About: Institute

Bob O'Connor, MJuris, MDiv, LLM in Dispute Resolution Bob brings a wealth of experience to his work as an alternative dispute resolution practitioner and trainer. He has worked with families in crisis for nearly three decades, and has mediated hundreds of disputes. Upon his graduation from Albion College in 1977, he began his legal training in England at Oxford University where he earned an M.Juris. He pursued but did not finish his J.D. at Notre Dame Law School, and later received his LL.M. in Alternative Dispute Resolution at The Straus Institute for Dispute Resolution, Pepperdine University School of Law. In between his legal studies, Bob earned a M.Div. degree with honors from Yale University, and then served as a minister, counselor, and teacher for 17 years. He has dedicated himself to the development of the field of alternative dispute resolution. He is the author of Marital Separation Agreements A Guide for Non-Lawyer Mediators (ICR Publishing 2011), Five Essential Steps to Negotiate Your Same-Sex Marriage (Forbes 6/14/12), and Same-Sex “Marriage” What’s in a Name? (ADR Times 7/9/12) Bob lectures in leadership development to the non-ADR community, and on practice-related issues in mediation. In addition to his private practice, Conflict Resolution Specialists, he served as a certified Superior Court mediator in Florida, North Carolina, Georgia, and California. He also founded the Institute for Conflict Resolution—an education and publishing entity—and Good Decisions.org—a nonprofit organization helping at risk middle school teens stay in school and out of gangs. Bob founded the Institute for Conflict Resolution to respond to the need in this region for a premiere education and training organization. www.instituteforconflicresolution.com

Recent Posts by Institute

4 Ways to Quiet the Negative Voice Inside You

post written by: Marc Chernoff


12 Positive Thoughts for Troubled Times

There is little difference in people, but that little difference makes a big difference.  The little difference is attitude.  The big difference is whether it is positive or negative.
―W. Clement Stone

Why do we think negatively when we know better?

Because thinking negatively, expecting “the worst,” seeing the downside of positive situations, and even downright expecting failure, all convey a kind of backwards-thinking, emotional insurance policy.  It goes something like, “If I expect a tragedy, then I won’t be disappointed when it takes place.”

Our desire to want to be right is another common reason we subconsciously choose negative thinking.  Sometimes, as foolish as it sounds, we would rather be right about our negative predictions than have a positive outcome prove us wrong.  And since negative thinking leads to negative actions, or no action at all in many cases, by thinking negatively we create a self-fulfilling prediction for ourselves.  In other words, we think negatively, predict a negative outcome, act negatively, and then receive a negative outcome that fulfills our prediction.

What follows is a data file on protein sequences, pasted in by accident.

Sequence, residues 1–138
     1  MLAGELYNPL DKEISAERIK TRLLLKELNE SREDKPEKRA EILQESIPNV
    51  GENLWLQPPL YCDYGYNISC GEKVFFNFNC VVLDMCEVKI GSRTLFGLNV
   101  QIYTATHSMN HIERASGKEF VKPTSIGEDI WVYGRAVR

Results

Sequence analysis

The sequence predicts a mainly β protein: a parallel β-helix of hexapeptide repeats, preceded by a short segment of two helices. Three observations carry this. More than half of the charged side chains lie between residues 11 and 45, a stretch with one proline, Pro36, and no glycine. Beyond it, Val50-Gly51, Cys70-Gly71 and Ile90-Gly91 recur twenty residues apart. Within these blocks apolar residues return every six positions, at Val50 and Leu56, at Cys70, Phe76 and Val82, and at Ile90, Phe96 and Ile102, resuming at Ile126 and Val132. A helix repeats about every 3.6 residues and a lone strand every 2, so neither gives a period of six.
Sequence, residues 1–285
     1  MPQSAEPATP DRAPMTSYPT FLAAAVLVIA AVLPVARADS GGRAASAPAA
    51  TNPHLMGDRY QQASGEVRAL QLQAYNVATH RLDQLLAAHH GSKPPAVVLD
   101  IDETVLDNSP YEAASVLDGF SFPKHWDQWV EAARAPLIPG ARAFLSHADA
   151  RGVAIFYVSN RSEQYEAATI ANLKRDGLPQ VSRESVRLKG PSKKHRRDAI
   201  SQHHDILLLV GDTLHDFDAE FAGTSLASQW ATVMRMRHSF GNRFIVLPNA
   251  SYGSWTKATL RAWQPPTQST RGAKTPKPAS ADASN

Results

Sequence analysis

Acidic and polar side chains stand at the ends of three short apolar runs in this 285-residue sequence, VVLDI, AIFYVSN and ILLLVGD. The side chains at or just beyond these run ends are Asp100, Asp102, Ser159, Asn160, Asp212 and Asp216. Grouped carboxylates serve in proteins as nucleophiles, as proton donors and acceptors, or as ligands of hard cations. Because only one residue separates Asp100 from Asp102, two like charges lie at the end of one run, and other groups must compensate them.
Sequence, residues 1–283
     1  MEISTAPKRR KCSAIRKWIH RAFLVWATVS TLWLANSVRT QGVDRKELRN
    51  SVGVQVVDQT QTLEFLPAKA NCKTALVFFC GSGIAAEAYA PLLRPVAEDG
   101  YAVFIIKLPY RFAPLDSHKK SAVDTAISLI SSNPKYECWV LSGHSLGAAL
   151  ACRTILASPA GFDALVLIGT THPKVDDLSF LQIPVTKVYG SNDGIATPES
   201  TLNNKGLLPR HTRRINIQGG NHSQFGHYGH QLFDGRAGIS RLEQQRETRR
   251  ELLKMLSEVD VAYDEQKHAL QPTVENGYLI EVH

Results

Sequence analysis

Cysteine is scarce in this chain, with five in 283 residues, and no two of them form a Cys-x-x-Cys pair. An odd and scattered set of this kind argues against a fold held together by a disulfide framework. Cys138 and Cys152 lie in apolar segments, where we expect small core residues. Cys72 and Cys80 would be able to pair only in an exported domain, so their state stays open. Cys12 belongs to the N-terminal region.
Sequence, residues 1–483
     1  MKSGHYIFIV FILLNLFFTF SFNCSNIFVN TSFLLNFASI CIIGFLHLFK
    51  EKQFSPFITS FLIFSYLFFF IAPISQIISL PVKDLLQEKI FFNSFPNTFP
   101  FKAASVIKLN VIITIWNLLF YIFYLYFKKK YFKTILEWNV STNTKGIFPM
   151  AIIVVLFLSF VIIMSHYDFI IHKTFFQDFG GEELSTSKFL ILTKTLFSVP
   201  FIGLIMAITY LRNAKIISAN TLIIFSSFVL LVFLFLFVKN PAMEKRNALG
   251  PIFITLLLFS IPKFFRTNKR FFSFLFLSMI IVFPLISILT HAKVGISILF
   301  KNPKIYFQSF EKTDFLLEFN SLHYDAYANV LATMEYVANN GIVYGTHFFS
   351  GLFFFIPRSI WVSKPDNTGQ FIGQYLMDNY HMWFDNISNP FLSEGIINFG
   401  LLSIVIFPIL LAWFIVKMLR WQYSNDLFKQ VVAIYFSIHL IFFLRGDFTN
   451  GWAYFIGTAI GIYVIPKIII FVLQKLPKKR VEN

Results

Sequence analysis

Of course, none of this is what we truly want or need in our lives.  So how can we stop talking ourselves into these thinking traps?  Let’s take a look at four powerful ways to quiet the negative, inner voice that leads us astray:

Final Reminder:  We recently released the audio book for ‘1,000 Little Things Happy, Successful People Do Differently’ and we also have a limited time ‘Get One, Share One’ autographed paperback special.  Click here to check it out!

1.  Start focusing on the grey area between the extremes.

Life simply isn’t black or white – 100% of this or 100% of that – all or nothing.  Thinking in extremes like this is a fast way to misery, because negative thinking tends to view any situation that’s less than perfect as being extremely bad.  For example:

  • Rather than the rainstorm slowing down my commute home from work, instead “it wasted my whole evening and ruined my night!”
  • Instead of my business venture taking a while to gain traction, “it’s never going to work, and it’s going to completely ruin my financial future.”
  • Rather than just accepting the nervousness of meeting a new group of people, “I know these people are not going to like me.”

Since 99.9% of all situations in life are less than perfect, black and white thinking tends to make us focus on the negative – the drama, the failures, and the worst case scenarios.  Sure catastrophes occur on occasion, but contrary to what you many see on the evening news, most of life occurs in a grey area between the extremes of bliss and devastation.

If you struggle with seeing the grey area of a situation, sit down with a pen and paper, write down the best-case outcome, the worst-case outcome, and at least one realistic outcome that falls between the two extremes.  For example, say you’ve been worrying about a new intimate relationship, write down:

  • Worst-case outcome (unlikely extreme):  “The relationship is a total disaster that ends with two broken hearts.”
  • Best-case outcome (unlikely extreme):  “The relationship is total bliss with zero arguments until the end of time.”